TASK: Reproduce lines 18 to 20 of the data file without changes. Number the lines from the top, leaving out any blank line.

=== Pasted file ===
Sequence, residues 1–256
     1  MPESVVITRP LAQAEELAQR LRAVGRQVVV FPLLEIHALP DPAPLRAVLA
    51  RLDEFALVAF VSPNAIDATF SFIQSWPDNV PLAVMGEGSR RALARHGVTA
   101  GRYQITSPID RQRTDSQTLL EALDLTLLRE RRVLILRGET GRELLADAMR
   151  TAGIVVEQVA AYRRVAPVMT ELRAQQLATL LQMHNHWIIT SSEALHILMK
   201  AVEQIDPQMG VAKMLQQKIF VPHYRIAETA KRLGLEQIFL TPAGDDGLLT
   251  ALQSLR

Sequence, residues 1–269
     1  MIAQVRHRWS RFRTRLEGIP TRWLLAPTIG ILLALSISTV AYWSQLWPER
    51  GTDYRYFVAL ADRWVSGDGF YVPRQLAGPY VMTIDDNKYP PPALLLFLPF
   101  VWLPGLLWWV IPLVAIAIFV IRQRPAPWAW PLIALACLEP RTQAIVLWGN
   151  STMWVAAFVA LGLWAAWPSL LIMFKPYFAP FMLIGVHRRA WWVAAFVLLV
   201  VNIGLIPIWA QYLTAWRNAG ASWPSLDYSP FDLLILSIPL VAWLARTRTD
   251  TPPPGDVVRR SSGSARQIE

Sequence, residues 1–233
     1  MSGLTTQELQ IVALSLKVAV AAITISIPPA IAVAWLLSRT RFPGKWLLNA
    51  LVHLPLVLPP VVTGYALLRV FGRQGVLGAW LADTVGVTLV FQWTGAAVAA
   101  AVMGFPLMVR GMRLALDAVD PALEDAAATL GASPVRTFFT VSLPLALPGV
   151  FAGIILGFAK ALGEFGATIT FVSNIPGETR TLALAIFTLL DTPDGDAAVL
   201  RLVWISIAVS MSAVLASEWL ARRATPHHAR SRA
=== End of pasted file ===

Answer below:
   101  AVMGFPLMVR GMRLALDAVD PALEDAAATL GASPVRTFFT VSLPLALPGV
   151  FAGIILGFAK ALGEFGATIT FVSNIPGETR TLALAIFTLL DTPDGDAAVL
   201  RLVWISIAVS MSAVLASEWL ARRATPHHAR SRA